Captain America – Movie Review

Having successfully brought to the big screen Spider-Man and Iron Man, it was now the time for Marvel to unleash undoubtedly their most noble and patriotic super hero – Captain America. Sub-titled The First Avenger to fit into the Marvel overarching plan for The Avengers movie released this year, would the company be able to maintain or even improve on the standard?


This origin film is based in the Second World War where a scientific division of Hitler’s regime – Hydra – is pursuing a precious power source known as the Tesseract.  The man at its head, Johann Schmidt (Hugo Weaving) was a part of the Nazi inner circle, but now his quest is for something larger – he is a man of science who knows that myth holds the secret to the power of the gods.  He is also the first in an experiment to create the first super soldier due to a serum made, under duress, by Dr. Abraham Erskine (Stanley Tucci).  He finds what he’s looking for in Norway and immediately begins using it to build Hydra as a force to conquer the world with the assistance of his underling Amim Zola (Toby Jones).

Meanwhile Erskine manages to escape and establish a life for himself working for the Allies and endeavours to develop the serum and use it on a specifically chosen volunteer in the US Army.  Meanwhile the puny, sickly but determined Steve Rogers (Chris Evans) tries yet again to enlist to the army but is rejected for the umpteenth time because of his frail physical condition.  His friend Bucky (Sebastian Stan) meanwhile meets the requirements and says goodbye to his little chum at a vital time as Rogers outlines why he must go and help fight and sacrifice himself for the cause.  It’s vital for as he talks his speech is overheard by Erskine who based on such earnest human characteristics manages to get Rogers onto the selection scheme to choose the right candidate for the serum project.

Good work on making Steve Rogers convincing before and after the experiment (Source:

Rogers continues to prove himself in the selection process despite the misgivings of the army officer in charge Col. Chester Phillips (Tommy Lee Jones).  Whilst doing so he endears himself to the English officer responsible for for aspect of operations, Peggy Carter (Hayley Atwell). Overcoming all odds Rogers is suitable for the experiment and succeeds, with fatal consequences.  Again needs to overcome odds, Rogers goes onto become Captain America a symbol of America’s quest to beat Nazi and a real soldier in the search for  Schmidt aka The Red Skull.

At times this film is like an overt propaganda exercise for everything that’s good and right about America and the values of truth, justice and the rest of the stuff.  That can be a bit annoying.  The film is definitely true to the spirit of the comics that are the basis to the character.  The themes it explores in the action are commendably presented whether it’s about overcoming odds (not sure you picked up on that), dealing with bullies or trusting people to come up with the goods.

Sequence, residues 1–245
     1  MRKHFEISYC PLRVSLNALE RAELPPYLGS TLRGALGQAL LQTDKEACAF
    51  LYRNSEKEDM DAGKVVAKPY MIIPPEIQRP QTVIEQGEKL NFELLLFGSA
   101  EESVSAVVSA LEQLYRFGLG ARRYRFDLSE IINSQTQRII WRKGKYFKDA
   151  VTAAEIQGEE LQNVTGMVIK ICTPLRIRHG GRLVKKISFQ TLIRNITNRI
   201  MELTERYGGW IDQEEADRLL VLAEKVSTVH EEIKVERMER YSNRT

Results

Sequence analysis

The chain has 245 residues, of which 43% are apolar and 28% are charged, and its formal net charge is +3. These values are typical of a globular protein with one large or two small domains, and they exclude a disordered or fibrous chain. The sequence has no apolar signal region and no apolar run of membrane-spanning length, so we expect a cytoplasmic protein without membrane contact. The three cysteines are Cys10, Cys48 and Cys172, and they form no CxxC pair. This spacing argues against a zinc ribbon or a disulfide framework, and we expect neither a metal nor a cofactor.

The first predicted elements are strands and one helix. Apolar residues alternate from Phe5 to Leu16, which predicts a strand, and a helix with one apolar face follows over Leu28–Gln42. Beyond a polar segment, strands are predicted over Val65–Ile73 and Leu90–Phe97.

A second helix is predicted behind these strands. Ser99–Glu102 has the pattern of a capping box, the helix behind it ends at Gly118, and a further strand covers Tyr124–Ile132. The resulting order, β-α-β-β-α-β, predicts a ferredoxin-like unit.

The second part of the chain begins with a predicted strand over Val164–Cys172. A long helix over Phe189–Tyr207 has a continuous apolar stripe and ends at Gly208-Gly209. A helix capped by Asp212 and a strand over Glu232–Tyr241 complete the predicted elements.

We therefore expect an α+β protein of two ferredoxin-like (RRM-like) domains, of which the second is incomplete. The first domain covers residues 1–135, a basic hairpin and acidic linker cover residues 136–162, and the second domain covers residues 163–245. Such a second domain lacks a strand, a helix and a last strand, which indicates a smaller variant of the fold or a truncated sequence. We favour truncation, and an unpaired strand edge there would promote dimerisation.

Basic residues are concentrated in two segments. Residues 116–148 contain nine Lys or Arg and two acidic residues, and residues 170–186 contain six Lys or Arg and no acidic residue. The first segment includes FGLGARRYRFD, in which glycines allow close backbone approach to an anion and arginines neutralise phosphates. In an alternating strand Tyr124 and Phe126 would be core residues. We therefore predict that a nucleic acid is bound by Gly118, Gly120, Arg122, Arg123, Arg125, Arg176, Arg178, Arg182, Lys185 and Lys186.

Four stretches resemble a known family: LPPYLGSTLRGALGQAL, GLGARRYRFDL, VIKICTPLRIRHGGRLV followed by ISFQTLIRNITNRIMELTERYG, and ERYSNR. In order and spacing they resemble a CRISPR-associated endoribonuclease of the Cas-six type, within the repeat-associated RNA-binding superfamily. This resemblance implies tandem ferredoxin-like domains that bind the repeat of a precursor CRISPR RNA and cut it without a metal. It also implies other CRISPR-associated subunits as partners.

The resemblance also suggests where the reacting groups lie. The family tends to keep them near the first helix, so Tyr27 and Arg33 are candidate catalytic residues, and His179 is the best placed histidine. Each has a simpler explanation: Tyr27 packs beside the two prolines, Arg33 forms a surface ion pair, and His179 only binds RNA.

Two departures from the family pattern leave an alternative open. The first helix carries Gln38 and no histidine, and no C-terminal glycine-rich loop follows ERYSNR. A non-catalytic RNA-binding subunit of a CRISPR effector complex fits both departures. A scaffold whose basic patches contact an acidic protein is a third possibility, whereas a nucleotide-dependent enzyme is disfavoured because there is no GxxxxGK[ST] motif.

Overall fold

Hugo Weaving as Red Skull does a brilliant job. (Source:

This is an action film and does very well in the action department.  One thing you are sure of is that the film does not let the mood slow down too much and there’s enough at stake to keep you interested from start to finish. The lead character of Captain America is a hard one to cast.  The movie does tremendously well in contrasting the pre-experiment Rogers physically with the post-experiment Captain America.  Yet this is not a body-building exercise, the role needs to embody those noble American values without being too ‘perfect’ in character.  Chris Evans is a good choice, without being great. He handles the role well but doesn’t make the impact that the likes of Downey Jr. as Iron Man or Reeves as Superman.

Lee Jones plays the part of Col. Phillips with ease knowing the role fits him like a glove.  He is the main source of any comic relief and some of his one=-liners still make me chuckle just thinking about it. Atwell as the love interest works fine.  The real outstanding performance however belongs to Weaving as The Red Skull.  It would be easy to play up the villain part as an extreme comical type or to over-act the part.  Weaving invests the role with a sinister vein because he’s real as an obsessed type.  He is not putting together an evil scheme, in his mind, he is achieving what he was destined to achieve.  That level of realism makes a villain all the more dangerous and thus convincing. Also worth mentioning Toby Jones as Zola who is also superb in his role.

There is no doubt that this is a good movie.  It has the composite parts that make for a good movie – good acting, good storytelling, good visual effects, good use of music, good pacing, good direction, good use of humour and even a good ending.  It ticks the boxes in that sense.  On its own merits it is good and well worth watching wherever possible. Comparatively, however, as to whether it goes beyond good to great as some other super hero films has reached and it doesn’t quite reach those high notes.  There are no outstanding moments, there are no outstanding characterisations.  It works well on a level of introducing us to the character and his importance in future movies.




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